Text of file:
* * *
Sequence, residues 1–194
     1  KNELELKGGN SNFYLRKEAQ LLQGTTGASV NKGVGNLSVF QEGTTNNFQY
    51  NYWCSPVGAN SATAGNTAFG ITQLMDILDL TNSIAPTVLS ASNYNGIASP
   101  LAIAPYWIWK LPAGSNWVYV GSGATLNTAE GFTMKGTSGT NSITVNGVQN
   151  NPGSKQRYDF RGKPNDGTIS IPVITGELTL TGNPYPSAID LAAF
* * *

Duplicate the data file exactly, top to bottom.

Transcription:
Sequence, residues 1–194
     1  KNELELKGGN SNFYLRKEAQ LLQGTTGASV NKGVGNLSVF QEGTTNNFQY
    51  NYWCSPVGAN SATAGNTAFG ITQLMDILDL TNSIAPTVLS ASNYNGIASP
   101  LAIAPYWIWK LPAGSNWVYV GSGATLNTAE GFTMKGTSGT NSITVNGVQN
   151  NPGSKQRYDF RGKPNDGTIS IPVITGELTL TGNPYPSAID LAAF